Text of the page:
Fedora Server Edition?

I don’t know if you have noticed it, but the Fedora download page includes the following: “Get Fedora 10 Desktop Edition Now“. Until Fedora 10, there was no “edition” statement. Fedora is a release aiming at desktop computers. Does this title mean that RedHat Inc and the Fedora community plan to release a separate edition of Fedora aiming at server computers? I don’t know if I have missed such an announcement, but the phrase “Get Fedora 10 Desktop Edition Now” definitely implies that. One might wonder though why a Fedora Server Edition should be ever released? Which problems would it solve?

Fedora Server Edition? by George Notaras is licensed under a Creative Commons Attribution-NonCommercial-ShareAlike 4.0 International License.
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About George Notaras

George Notaras is the editor of the G-Loaded Journal, a technical blog about Free and Open-Source Software. George, among other things, is an enthusiast self-taught GNU/Linux system administrator. He has created this web site to share the IT knowledge and experience he has gained over the years with other people. George primarily uses CentOS and Fedora. He has also developed some open-source software projects in his spare time.

9 responses on “Fedora Server Edition?

  1. Vivek Permalink →

    If there is a server edition, I sincerely hope it has a longer support cycle.

  2. George Notaras Post authorPermalink →

    Indeed! I currently use Fedora (desktop edition) as a server. The quality of the server-related software is fine. But, the fact that I have to upgrade every 6-12 months is something I wish I could avoid. Of course, I could have used CentOS, but I am just experimenting with Fedora.

  3. Everson Santos Araujo Permalink →

    I don’t think so… Maybe is just to make a clear state that it is a Desktop focused solution, so people like Vivek don’t expect it to have a longer support cycle.

  4. Spike Burch Permalink →

    no. the desktop edition is the livecd.

  5. George Notaras Post authorPermalink →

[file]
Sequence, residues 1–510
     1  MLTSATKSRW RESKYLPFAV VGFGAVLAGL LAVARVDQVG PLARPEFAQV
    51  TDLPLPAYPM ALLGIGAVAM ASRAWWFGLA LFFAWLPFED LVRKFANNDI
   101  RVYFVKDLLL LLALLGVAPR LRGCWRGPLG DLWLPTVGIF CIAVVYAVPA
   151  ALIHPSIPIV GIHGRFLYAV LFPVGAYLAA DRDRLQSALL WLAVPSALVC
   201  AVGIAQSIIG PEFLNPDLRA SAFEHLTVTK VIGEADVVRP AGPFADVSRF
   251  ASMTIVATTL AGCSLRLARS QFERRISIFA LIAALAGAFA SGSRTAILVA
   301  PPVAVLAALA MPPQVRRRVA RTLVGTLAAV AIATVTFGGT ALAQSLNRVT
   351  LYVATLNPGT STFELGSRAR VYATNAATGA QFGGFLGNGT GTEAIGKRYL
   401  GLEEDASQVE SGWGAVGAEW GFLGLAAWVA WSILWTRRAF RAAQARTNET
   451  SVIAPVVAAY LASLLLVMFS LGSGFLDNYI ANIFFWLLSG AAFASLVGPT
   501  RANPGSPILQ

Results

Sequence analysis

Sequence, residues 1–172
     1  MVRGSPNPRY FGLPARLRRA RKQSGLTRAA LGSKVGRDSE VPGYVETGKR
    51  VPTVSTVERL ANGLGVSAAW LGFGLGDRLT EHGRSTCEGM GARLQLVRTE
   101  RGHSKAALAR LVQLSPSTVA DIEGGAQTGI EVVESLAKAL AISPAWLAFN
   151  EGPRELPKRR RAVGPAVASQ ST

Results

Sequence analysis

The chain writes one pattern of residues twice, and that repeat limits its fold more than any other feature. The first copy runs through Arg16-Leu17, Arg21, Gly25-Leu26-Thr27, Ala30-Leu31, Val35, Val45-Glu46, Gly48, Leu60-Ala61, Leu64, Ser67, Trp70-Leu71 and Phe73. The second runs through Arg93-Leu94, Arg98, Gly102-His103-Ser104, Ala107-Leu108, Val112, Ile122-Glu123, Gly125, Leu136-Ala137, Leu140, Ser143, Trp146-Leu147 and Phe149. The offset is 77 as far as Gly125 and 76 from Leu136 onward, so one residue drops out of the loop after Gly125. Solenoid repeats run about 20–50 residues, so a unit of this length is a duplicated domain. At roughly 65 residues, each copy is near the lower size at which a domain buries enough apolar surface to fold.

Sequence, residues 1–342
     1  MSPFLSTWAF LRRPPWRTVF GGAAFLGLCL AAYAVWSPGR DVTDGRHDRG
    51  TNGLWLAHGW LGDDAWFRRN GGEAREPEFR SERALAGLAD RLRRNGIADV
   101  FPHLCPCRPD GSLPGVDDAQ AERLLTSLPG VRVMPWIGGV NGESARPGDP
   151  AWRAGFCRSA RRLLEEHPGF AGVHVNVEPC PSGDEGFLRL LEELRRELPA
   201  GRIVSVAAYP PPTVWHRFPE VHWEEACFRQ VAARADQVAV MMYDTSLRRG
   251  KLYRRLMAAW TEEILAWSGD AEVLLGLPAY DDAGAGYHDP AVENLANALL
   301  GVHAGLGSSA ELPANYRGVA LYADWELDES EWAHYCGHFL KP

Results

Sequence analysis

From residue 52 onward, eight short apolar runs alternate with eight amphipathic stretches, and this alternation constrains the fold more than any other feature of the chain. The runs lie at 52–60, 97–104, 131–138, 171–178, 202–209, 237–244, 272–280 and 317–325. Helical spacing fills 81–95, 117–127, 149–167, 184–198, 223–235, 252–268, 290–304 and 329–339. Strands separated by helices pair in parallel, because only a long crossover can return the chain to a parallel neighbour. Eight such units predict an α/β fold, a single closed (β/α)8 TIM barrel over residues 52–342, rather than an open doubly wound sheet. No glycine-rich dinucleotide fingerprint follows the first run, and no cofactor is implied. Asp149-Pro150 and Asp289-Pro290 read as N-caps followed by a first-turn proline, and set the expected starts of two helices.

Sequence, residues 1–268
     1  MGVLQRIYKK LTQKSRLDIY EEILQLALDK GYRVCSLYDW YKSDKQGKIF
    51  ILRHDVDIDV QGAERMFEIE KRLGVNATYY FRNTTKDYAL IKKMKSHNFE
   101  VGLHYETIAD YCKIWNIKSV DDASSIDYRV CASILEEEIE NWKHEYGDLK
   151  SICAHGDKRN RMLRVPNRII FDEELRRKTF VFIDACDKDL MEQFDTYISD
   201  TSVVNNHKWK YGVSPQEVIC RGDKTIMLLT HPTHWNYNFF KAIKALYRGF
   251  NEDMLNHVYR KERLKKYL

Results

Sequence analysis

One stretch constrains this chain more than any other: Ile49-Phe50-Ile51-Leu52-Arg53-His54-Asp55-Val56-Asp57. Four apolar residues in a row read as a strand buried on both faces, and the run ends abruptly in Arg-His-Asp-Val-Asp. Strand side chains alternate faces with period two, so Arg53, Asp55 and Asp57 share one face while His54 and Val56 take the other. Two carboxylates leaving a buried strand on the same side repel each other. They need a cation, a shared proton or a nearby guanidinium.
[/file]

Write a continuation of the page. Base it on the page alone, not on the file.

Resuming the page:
Hi Dimitris. I guess the availability of all those different spins explains the “Desktop Edition” statement. I admit that I was not aware of the existence of those different flavours of Fedora. Thanks for pointing that out! :-)

    As I have written earlier, I use Fedora as a server OS (among other uses). Despite it being an innovative operating system, the server has been rather solid during the last years. When I am out of free time, I usually complain about having to upgrade every year, but, on the other hand, this keeps me sharp!

  6. Dimitris Glezos Permalink →

    Fedora comes in a number of different package collections called ‘spins’. The desktop spin (mentioned as ‘edition’ on that page) includes the GNOME desktop, for example. There’s also a KDE spin, XFCE, a DVD one, one tailored for Electronic Labs and many others. A list of the ‘official’ spins can be found at http://spins.fedoraproject.org/, but there are many more from other creators like the Fedora Unity project and individuals.

    Compiling a server spin is a pretty trivial process, as we would just need to select the particular set of packages and run a command to compile an ISO image. However, as you pointed out George, there wouldn’t be much point into it. With Fedora’s fast innovation, short release cycles, and support for roughly one year, one would prefer for a server a distro supported for a longer period of time like CentOS or Red Hat Enterprise Linux . Both distros have Fedora as upstream and are supported for 7 years.

  7. Dimitris Glezos Permalink →

    George, cool — I’d say _do_ give CentOS a try at some point anyway, I’m pretty sure you’ll feel right at home. It’s the same as Fedora more or less, but you get 7 years of support at the price of having less and a bit older packages.

    With the EPEL repo most of the normal server needs are covered (like Django for example), and RPM Fusion provides drivers and stuff.

  8. George Notaras Post authorPermalink →

    I know. I’ve been using CentOS for several years, longer than I use Fedora actually. I’d say it’s the operating system of choice for a server, despite many packages being outdated. Using Fedora as a server is just for the sake of experimentation and personal entertainment. :)

    Thanks for your feedback.

  9. malinda Permalink →

    if there is a server edition it is good for my improve my knowlage